Sunday, September 9, 2007

Do you need a NAS for your home?

If you have a few PCs at home (e.g. a PC/notebook for each of your family member, a HTPC for home entertainment, a desktop for your study, and/or an UMPC for your pool side surfing), it make sense to invest in a centralised file server so that you can easily share and manage files (e.g. your holiday pictures and videos, music and docs) among your family members or just between your collection of PC, notebook, UMPC and PDA.

No longer do you need to run around the house turning PCs on and off just so that you can access the shared files on them. No more file access interruptions due to a family member accidentally turning off the shared PC. You will also no longer have to put up with degraded performance on your PC when shared files are being accessed by others.

In addition, data also becomes more manageable and cost efficient when centralised. Without the need to keep multiple copies of the files in individual PCs, you get to save on hard disk space and eliminate file synchronisation and versioning issues. To improve reliability and availability of the data, you only need to invest in RAID for your central file server instead of all the individual PCs.

And lastly, a centralised file store can also serve as a cost effective and efficient means of backup for your other PCs as compared to using removable USB drives or DVD media on each of your PC.

A NAS (which stands for Network Attached Storage) is basically a stripped down computer that primarily serves files on your network. You can choose to build your own using your old hardware (since its essentially a PC), or buy one off the market. Here's my take on why its better to buy than build (or reuse your old hardware) one.
  1. Space saving - Dedicated NAS boxes are no larger than the hard disks they packed. Therefore, they consume much smaller real estate on your desktop, bookshelf or any other location you choose to place them as compared to normal workstation cases (even the micro ITX ones).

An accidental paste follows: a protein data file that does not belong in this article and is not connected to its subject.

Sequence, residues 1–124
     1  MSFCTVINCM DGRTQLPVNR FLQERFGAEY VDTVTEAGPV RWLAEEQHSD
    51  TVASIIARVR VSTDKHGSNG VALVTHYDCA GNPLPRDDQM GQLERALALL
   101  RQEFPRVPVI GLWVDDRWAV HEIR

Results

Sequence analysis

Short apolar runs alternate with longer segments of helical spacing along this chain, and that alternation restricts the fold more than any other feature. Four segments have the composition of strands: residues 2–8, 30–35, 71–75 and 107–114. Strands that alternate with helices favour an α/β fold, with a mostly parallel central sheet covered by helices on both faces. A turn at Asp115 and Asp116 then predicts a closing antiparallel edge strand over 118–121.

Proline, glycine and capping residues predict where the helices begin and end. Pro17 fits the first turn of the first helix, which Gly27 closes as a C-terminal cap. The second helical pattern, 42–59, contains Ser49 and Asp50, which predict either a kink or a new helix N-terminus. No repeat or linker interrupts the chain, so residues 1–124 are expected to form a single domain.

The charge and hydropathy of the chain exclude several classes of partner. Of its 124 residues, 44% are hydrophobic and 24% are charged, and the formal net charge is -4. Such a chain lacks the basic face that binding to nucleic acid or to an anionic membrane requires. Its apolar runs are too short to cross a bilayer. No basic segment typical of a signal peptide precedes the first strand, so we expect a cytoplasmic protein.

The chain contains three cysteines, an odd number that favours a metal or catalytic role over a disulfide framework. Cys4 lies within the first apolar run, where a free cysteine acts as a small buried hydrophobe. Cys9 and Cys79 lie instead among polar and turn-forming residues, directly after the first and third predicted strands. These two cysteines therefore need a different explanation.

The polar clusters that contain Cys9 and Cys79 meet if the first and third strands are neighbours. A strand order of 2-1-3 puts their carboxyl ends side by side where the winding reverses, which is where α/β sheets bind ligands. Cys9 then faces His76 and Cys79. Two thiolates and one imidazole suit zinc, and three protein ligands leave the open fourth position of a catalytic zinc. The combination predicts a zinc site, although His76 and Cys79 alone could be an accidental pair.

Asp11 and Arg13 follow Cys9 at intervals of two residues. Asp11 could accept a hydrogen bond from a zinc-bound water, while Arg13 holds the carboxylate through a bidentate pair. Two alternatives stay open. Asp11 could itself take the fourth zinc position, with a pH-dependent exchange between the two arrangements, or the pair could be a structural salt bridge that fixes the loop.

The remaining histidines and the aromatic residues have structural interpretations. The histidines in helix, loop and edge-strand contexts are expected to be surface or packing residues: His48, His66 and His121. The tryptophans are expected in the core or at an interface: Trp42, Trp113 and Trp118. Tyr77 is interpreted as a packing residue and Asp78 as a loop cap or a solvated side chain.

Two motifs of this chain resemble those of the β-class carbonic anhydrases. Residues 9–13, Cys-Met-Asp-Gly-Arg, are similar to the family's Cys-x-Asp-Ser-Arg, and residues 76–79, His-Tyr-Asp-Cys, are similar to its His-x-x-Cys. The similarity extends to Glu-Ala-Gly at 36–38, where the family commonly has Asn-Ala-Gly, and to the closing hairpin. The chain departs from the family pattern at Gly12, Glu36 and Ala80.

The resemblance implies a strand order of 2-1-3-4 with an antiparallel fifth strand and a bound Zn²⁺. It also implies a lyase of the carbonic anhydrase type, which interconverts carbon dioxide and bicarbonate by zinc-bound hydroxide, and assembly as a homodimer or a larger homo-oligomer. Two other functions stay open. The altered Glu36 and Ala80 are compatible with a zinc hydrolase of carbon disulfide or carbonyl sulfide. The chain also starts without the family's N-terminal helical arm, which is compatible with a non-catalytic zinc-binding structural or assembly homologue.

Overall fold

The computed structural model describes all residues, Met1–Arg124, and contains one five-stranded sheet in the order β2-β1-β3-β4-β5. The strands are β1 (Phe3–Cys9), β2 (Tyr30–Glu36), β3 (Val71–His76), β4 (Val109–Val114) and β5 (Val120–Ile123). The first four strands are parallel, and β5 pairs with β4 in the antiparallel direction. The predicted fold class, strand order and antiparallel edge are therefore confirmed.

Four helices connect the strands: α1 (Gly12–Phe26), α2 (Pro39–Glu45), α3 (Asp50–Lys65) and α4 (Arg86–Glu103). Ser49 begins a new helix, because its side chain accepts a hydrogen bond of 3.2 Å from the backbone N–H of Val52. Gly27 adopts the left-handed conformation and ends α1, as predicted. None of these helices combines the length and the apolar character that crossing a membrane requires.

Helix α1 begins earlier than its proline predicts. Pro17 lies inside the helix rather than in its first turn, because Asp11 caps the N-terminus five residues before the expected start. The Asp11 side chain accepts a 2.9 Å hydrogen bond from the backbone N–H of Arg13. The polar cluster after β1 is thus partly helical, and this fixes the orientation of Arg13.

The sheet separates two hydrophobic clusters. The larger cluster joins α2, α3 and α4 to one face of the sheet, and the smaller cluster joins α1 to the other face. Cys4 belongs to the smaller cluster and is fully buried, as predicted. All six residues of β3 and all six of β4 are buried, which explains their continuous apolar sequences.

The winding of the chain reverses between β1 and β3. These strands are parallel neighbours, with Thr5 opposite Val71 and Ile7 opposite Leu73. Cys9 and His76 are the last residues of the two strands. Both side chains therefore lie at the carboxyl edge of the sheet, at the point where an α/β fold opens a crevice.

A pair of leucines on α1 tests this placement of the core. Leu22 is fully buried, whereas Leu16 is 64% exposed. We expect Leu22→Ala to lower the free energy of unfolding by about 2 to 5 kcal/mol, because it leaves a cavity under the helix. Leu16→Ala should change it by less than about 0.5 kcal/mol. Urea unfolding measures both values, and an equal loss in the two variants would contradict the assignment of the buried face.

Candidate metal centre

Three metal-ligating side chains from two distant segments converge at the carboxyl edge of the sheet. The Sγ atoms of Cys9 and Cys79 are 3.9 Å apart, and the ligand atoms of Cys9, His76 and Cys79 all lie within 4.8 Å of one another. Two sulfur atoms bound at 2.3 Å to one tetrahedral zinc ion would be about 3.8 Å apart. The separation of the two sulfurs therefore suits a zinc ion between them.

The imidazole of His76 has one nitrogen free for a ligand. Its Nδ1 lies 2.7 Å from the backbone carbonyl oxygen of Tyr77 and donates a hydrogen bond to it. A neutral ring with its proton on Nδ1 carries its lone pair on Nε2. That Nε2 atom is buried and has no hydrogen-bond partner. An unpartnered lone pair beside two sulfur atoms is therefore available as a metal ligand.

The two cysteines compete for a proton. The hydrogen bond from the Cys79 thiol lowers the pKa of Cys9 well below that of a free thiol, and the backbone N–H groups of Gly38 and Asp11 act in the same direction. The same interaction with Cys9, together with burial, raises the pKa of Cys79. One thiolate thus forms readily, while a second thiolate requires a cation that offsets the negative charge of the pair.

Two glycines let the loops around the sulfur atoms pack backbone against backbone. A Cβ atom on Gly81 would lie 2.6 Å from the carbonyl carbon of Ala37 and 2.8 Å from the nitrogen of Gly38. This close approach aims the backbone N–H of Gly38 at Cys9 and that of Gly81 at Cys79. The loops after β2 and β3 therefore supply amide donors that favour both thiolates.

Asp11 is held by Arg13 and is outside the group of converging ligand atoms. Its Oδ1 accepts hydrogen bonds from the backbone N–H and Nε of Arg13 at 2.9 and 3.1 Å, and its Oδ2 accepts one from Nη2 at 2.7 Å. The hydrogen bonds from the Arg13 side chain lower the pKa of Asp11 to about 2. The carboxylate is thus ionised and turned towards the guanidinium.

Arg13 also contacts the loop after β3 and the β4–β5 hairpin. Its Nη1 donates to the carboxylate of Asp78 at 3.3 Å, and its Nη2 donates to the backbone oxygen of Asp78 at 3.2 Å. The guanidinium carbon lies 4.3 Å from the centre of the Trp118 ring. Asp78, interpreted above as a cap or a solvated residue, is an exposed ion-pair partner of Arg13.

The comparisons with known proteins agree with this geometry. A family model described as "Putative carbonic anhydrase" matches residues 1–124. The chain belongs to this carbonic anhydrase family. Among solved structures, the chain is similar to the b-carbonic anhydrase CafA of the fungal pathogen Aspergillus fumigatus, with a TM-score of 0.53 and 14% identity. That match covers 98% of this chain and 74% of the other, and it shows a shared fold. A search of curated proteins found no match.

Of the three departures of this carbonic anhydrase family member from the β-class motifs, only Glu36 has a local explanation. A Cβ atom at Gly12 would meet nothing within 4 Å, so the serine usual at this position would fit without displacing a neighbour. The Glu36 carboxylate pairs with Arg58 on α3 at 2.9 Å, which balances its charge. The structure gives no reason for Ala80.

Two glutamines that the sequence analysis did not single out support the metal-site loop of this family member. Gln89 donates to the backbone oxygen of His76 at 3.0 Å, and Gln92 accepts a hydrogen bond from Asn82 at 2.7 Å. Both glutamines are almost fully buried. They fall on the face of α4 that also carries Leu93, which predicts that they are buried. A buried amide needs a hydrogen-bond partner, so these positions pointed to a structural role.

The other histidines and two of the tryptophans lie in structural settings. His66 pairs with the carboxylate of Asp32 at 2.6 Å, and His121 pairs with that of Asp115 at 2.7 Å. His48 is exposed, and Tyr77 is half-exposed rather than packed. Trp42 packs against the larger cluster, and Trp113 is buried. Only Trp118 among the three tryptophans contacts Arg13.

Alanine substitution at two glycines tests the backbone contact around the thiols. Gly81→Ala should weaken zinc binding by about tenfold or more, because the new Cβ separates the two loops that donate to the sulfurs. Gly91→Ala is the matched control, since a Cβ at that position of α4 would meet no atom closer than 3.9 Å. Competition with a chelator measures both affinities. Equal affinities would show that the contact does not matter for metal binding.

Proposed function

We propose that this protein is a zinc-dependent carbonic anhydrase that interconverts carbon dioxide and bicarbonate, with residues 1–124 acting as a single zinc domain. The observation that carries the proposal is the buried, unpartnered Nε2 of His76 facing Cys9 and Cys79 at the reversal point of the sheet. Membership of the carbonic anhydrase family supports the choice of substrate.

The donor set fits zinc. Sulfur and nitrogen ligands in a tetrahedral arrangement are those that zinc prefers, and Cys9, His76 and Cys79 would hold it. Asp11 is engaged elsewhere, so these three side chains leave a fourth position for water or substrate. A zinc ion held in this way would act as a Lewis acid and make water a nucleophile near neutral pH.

2. Low power consumption (and consequently low heat and noise) - Dedicated NAS boxes usually pack components that have just enough juice to run the file services hence they also have much lower power requirements as compared to normal general purpose workstations. One common misconception here is that by using older generation of workstation components (e.g. your five year old Pentium IV CPU), you can achieve the same results. On the contrary, they generally consumes more power (and generate more heat) than compared to modern hardware with similar performance due to technological improvements in design (e.g. lesser components used) as well as manufacturing process (e.g. miniaturization).
  3. Cheap - You will be surprised to know that a decent two bay NAS can start from just S$200 (without hard disks) and at the lowest end, you can even get a single bay NAS for under S$100. Even the cheapest barebone workstation (casing, power supply, mobo, CPU, RAM) around will probably cost more. Another common misconception here is that it (buying a new dedicated NAS box) still cannot beat your old retired workstation which is "free" (technically it is not since you did pay for it when you first bought it for a different purpose). But do remember that in the broader picture, other than the initial purchase price that you pay, you have to take into account your older hardware will probably consume more power, more prone to failure and not covered under warranty thus resulting in higher running costs.

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